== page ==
(They will be able to tell that something scary is going on, and that things get more and more

threatening as the piece goes on.) Tell them that, in the story, there are hundreds of these nasty

little trolls in a mountain cave, first just waiting to pounce on Peer (who's not a very nice person himself) and then swarming all over and around him in a kind of terrible dance. Tell the children you will play the piece again and you want them to listen for some musical ideas:

1. Does the piece get louder or softer as it goes along? (starts softly, gets very loud)

2. Does the piece get faster or slower as it goes along? (gets progressively faster)

3. What do you hear at the very end of the piece? (cymbals crash, then church bell rings)

Finally, show the children some pictures of the instruments of the string family: bass, cello, viola, and violins and ask the children to identify them. Tell them there are two basic ways that stringed instruments can be played: with bows is one and plucking or picking at the strings is another. Say: I'm going to play the piece one more time for you, and I want you to tell me which way you think these string players start playing this music, with bows or plucking the strings.

This time, as they are listening project the two lines of music below, and point to the notes as they are played at the beginning of the piece. When the piece is finished, have them tell you the answer (plucked) and point to the little word that says "pizz." Tell them, that is the signal for the musicians to pluck their strings instead of bowing, and the full word is pizzicato (pit zi KAH to).

What is that word? (pizzicato).

Tell the children you will play one more piece from Grieg's Peer Gynt for them, that they can just relax and close their eyes and listen. Say: The piece is called "Morning Song," and you'll hear the sun gradually rising over the mountains. You'll hear the flute and the oboe (ask from which family of instruments--woodwind family) sound like the birds that sing just before dawn, and they will sing back and forth to each other. It's a very peaceful day that's beginning, so just imagine what a beautiful dawn might be like in the mountains of Norway as you listen.

First Grade - Music - Lesson 15 - Songs


Learn to sing a spiritual and look carefully at its notation.

Review the term folk song.

Collect one song at home from family member.

Report to the class about collecting song from home.


Words and music to "Michael, Row the Boat Ashore," see attached

Worksheet for Folk Songs, see attached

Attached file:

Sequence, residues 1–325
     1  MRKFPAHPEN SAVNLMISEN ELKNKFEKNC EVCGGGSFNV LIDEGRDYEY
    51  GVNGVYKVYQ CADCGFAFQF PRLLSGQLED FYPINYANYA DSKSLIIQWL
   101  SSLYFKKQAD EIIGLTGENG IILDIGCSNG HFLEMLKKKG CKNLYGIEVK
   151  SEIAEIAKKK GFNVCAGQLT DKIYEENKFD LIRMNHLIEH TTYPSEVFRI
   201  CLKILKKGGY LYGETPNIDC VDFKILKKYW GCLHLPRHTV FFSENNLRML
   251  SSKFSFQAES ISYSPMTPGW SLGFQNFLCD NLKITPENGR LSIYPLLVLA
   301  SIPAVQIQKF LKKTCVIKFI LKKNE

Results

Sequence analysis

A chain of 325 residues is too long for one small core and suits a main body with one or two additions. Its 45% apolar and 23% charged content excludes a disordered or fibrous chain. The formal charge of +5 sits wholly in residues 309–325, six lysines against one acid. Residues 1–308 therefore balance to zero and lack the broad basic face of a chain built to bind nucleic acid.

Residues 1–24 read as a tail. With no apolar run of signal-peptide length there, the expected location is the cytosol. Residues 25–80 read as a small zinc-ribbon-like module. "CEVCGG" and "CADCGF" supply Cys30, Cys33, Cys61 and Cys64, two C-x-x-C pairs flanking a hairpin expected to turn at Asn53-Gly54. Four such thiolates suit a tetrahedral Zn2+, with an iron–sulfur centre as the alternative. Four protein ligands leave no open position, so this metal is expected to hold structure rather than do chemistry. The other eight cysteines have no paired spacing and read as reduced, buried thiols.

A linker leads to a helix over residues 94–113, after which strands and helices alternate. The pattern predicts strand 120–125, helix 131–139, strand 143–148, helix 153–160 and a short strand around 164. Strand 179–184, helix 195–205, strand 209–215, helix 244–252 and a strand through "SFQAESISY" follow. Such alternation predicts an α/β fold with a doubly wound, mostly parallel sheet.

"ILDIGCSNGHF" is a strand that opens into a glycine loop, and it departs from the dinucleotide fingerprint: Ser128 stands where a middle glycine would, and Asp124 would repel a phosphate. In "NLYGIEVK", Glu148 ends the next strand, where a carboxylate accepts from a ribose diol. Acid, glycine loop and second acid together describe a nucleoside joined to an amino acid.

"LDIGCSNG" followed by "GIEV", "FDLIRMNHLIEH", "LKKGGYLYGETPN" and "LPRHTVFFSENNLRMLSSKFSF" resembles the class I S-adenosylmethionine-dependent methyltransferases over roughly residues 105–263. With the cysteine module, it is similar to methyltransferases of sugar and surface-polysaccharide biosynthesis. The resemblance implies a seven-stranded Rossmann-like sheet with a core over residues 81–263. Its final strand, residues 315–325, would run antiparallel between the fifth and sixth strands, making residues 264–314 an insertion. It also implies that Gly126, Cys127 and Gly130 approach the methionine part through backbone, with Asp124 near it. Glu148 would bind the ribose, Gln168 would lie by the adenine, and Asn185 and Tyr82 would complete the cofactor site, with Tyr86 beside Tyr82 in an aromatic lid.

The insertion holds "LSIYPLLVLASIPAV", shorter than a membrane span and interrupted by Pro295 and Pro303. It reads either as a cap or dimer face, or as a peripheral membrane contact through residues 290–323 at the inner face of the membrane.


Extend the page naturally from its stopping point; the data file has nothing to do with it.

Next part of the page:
Michael, Row the Boat Ashore

Background for the Teacher

"Michael, Row the Boat Ashore" combines the forms of black spiritual and sea chantey and originated in the Sea Islands of Georgia. There, during the time of slavery, each plantation had its own crew of slaves and boats. The Sea Island slaves made up the work songs that they sang as they crewed the boats. It is hard to tell at this point whether the Michael of the song refers to the Archangel Michael or to an oarsmen who was leading the work crew. The Jordan River was of course a symbol of longed-for freedom for the slaves.


This is an ideal song to teach to the children as an example of "Call and Response" form, especially because the words to both Call and Response are exactly the same for the first three verses. In addition, the music for the Call starts out on middle C and moves half way up the C scale to G, while the music for the Response answers that by moving back down from G to the home base of middle C. If you put the music on a transparency and use the overhead as you teach the song, point out the time signature, the quarter notes and quarter rest, the half notes and whole note. Go through it once singing the numbers of the beats rather than the words, since the rhythmic values are so simple and straight forward.


Michael, row the boat ashore. Halleluia!

Michael, row the boat ashore. Halleluia!


Michael's boat is a music boat. Halleluia!

Michael's boat is a music boat. Halleluia!


Sister, help to trim the sail. Halleluia!

Sister, help to trim the sail. Halleluia!


Jordan River is chilly and cold. Halleluia!

Chills the body but not the soul. Halleluia!


The river is deep and the river is wide. Halleluia!

Milk and honey on the other side. Halleluia!


If you get there before I do. Halleluia!

Tell my people I'm coming too. Halleluia!

Folk Song Activity

Review with the students the meaning of the term folk song. See, for example, Lesson 5, where we talked about traditional or folk songs as those in which no one knows exactly who wrote either the words or the music; rather, someone, or a group of people, just began singing them when they were working or playing together or to celebrate a special event. Parents taught them to their children, who taught them to friends, and pretty soon more and more people knew these songs. Eventually someone "collected" them, which means that someone decided to write down the music and the words so they would not be forgotten. Usually, by the time folk songs are written down, there are different versions of the same song--maybe words that are slightly different or tunes that are not quite the same.

Pass out the "Folk Song From Home" worksheet and tell the students that they are going to be folksong collectors. Say: Take the worksheet home and ask your parents, grandparents, or some family member at least as old as your parents to tell you about a song they learned "by heart" when they were young. If they are able to teach it to you, you could bring it to class by singing it for the rest of us. If they should want to write down the words to share with the class, we've made some room for that too.

Read through the worksheet with the children to make sure that they clearly understand what it says. Set a time when the worksheets should be returned, and remind the students about it, so there will be enough to share with the class at the next music period.


First Grade - Music - Lesson 15 - Songs


Name of the Student ________________________________________________

Name of the Song ____________________________________

Name of Family Member Who Knows the Song ____________

What Year Did You Learn it? ___________

Where (what town, city, state) did you learn it? ____________

Can you write the words for us? ________________________